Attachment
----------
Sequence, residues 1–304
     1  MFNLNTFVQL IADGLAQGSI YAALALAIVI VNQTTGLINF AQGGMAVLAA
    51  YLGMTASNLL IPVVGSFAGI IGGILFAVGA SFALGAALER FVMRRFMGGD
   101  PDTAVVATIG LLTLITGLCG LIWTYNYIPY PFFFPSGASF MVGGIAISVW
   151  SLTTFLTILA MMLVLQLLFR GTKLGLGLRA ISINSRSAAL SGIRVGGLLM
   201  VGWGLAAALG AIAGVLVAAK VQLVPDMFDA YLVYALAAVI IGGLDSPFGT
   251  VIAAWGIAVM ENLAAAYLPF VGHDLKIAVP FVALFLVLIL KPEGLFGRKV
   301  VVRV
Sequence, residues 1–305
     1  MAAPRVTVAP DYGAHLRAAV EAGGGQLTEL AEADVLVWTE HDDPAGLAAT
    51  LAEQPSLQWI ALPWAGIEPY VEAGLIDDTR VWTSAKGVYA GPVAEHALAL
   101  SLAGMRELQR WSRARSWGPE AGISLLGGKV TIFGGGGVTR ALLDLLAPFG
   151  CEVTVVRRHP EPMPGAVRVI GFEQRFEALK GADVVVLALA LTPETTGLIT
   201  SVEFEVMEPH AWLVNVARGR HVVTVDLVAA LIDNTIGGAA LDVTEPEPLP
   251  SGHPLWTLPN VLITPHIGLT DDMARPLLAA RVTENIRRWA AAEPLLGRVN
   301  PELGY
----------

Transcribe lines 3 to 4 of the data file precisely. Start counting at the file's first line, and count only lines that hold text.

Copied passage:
    51  YLGMTASNLL IPVVGSFAGI IGGILFAVGA SFALGAALER FVMRRFMGGD
   101  PDTAVVATIG LLTLITGLCG LIWTYNYIPY PFFFPSGASF MVGGIAISVW